Mergers may be in your employees’ best interest, and here’s why
On the whole, credit unions are well known for taking care of not only their members, but their employees, too.
There are all sorts of reasons for that, of course, with one of them being that employees who are taken care of are more likely, in turn, to take care of a CU’s members.
As strange as it may sound, the concern your average credit union leader feels for the organization’s staff members sometimes gets in the way of them doing things that will, in the end, improve the lives of those same employees.
A particularly noteworthy case in point: mergers and collaborative partnerships.
After all, one of the main areas of concern (and also one of the main points of contention) for CU executives and board members while contemplating mergers and other such partnerships is employee welfare.
The fact is, though, that mergers are likely to help credit unions–small and medium ones, especially–protect their staffers’ jobs while also offering them greater career, education and training opportunities as well as better compensation.
That’s an important consideration given that while the movement, in general, has expanded its employment and compensation offerings over the last five or so years, there’s still a sizable number of CUs that have experienced the opposite–staff reduction and stagnant pay–in the same period of time.
Before we talk further about why mergers could help credit unions in the latter category turn things around, let’s first look at what has been causing their downward compensation and employment trends.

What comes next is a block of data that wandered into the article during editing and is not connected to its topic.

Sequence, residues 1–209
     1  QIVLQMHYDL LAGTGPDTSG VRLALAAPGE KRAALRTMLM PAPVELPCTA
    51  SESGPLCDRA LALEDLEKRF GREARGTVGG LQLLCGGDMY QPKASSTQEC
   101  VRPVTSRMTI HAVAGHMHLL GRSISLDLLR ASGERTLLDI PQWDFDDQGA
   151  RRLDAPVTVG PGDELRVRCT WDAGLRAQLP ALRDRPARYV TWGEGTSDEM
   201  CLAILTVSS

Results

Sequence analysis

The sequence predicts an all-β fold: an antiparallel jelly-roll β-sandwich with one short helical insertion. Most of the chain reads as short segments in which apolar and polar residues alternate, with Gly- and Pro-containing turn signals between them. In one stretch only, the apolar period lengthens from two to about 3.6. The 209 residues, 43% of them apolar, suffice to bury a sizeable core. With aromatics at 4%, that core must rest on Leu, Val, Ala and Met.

Let’s start with the staffing contraction that has impacted credit unions in general over the last five years–a contraction that can be blamed, in large part, on industry-wide profitability pressures.
For example, a third of all credit unions (33 percent) reported a reduction in their FTE count during this time, while another third reported no growth at all for the same period. That means two-thirds of of the industry failed to grow at all between 2008 and 2013, for those of you keeping score.
As for what’s been causing this stagnation, several factors seem to be at play, including:
- employee salary growth expectations,
- benefit cost escalation,
- the recession,
- NCUA Stabilization Fund assessments,
- changing consumer behavior,
- efficiency strategies, and
- profitability challenges
All of the above have been especially troublesome for small credit unions, as those with less than $50 million in assets lost nearly 900 employees between 2008 and 2013.
A different, but no more positive, perspective on the same trend: less than a quarter (23 percent) of credit unions with assets below the $50-million threshold reported a growth in employment during that period. In contrast, 79 percent of CUs with more than $500 million in assets increased staff.
The latter’s likely responsible for the 11 percent in employment growth–which translates to about 25,000 additional jobs–the credit union industry experienced from 2008 to 2013, by the way. After all, CUs with over $500 million in assets currently account for well over half (56 percent) of all employees within the movement.
A Quarter of a Million CU Employees
Well over a quarter of a million (270,000) people are now employed by credit unions across the United States–which compares favorably with staff levels at some of the country’s largest banks. For instance, Bank of America, Citigroup and Chase currently have 245,000, 251,000 and 261,000 employees, respectively, according to Wikipedia.